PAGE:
By Sarah Klingenstein

Paints, crayons, and art paper cover a table at the Casa Alitas shelter in Tucson, where several children are busily drawing and telling volunteers about their work. In response to the question“What do you love?” they draw vibrant images of home, family, and pets. They also portray images of their journeys from Central America, showing fear, hope and longing.

A traveling exhibit of the children’s work called “Hope and Healing: The Art of Asylum,” co-curated by Valarie James, Casa Alitas Trauma-informed Arts and Activities Coordinator, and Arivaca sculptor Antonia Gallegos, will be shown at Cady Hall in Patagonia March 12 through 21. There will be an opening reception and gallery talk by James the evening of March 12, catered by Patagonia Youth Enrichment Center.

The exhibit came out of Catholic Community Service’s work with asylum-seekers at Casa Alitas. Since 2014 they have provided those travelers a short-stay stopover with food, lodging, basic necessities, and travel assistance.The asylum-seekers are en route to live with sponsoring family members as they await their upcoming hearings.  Families, mostly from Guatemala,  Honduras, and El Salvador, are welcomed daily by staff and volunteers at the shelter. 

They’ve traveled by various means – overland, on foot, or by bus – for days or weeks. Some flee from immediate danger and/or after the murder of family members. In the immediacy of getting situated, the emotional toll can be overlooked. The art program gives refugees an opportunity to reflect on what they are going through and perhaps find comfort through the act of making art.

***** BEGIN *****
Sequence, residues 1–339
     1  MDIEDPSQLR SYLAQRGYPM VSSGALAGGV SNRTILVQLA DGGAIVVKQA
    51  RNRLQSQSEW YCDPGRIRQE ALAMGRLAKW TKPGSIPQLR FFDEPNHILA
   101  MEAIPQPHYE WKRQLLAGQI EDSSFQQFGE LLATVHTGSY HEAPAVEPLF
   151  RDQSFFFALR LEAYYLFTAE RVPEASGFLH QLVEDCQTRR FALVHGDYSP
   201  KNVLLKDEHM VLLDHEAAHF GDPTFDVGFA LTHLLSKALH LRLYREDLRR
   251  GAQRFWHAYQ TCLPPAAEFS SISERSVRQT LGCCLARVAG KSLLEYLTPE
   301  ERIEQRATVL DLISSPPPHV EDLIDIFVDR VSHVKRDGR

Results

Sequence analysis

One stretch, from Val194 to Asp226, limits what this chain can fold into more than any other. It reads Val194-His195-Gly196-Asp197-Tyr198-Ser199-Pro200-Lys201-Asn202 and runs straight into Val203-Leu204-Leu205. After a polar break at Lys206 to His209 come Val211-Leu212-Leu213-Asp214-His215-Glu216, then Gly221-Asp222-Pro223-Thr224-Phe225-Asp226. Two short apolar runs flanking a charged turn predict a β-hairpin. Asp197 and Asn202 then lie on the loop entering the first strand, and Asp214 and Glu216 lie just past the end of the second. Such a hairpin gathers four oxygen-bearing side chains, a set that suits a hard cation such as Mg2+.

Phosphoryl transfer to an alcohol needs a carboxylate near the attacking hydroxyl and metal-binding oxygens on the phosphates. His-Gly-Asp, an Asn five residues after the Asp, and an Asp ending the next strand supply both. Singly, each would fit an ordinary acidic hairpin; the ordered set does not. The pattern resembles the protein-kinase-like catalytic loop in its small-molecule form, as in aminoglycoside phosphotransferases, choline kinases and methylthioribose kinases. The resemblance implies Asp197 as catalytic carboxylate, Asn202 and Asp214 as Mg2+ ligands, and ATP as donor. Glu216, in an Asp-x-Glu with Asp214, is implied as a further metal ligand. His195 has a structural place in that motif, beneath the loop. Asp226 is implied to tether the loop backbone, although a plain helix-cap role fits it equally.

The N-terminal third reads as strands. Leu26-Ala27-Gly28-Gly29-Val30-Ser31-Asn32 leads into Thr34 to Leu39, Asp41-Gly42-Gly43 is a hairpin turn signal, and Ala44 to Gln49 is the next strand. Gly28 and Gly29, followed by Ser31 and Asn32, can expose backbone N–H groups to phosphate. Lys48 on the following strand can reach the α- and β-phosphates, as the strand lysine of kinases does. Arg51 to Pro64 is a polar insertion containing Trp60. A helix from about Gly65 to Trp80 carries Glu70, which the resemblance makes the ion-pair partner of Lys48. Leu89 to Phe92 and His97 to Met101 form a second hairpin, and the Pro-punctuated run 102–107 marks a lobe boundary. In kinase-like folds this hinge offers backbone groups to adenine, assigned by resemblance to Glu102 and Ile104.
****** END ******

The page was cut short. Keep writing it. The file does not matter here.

“The children draw and paint quietly with singular focus. They are intent on conveying what cannot be said in words, James said. “Their feelings rise up and through their art. Young guests draw what’s in their hearts. They draw prayers to God for having spared them and multiple thanks to volunteers. Drawings rich in symbols, paintings of birds in flight, volcanoes erupting, roads and rivers, vehicles and barriers, testify to the trauma of migration and family displacement. Art-making eases the trauma and lends a bit more resiliency for the rest of the journey.”

The exhibit also includes four large quilts stitched from dozens of drawings the children did on cloth. In addition to making these quilts, Esperanza Quilters, a group from Oracle, has designed, created, and given away over 150 child-sized quilts and children’s books to the youngest travelers at Casa Alitas. Gale Hall, a member of the Esperanzas and the education coordinator for the Art of Asylum exhibit, shares part of the mission of the quilt group. “Memories of how we are welcomed to a new place last a lifetime. We hope that when the children wrap themselves in our quilts, they will feel safe, warm, and covered with love. We hope that this will help to create a positive lasting memory of when they first came to the United States.”

Local partnering organizations are planning ancillary events during the exhibit’s run. These will include a film series, guest speakers, a storyboard walk in Town Park, a portrait gallery at the Gathering Grounds, and a culminating celebration. Details will be made available as the exhibit nears.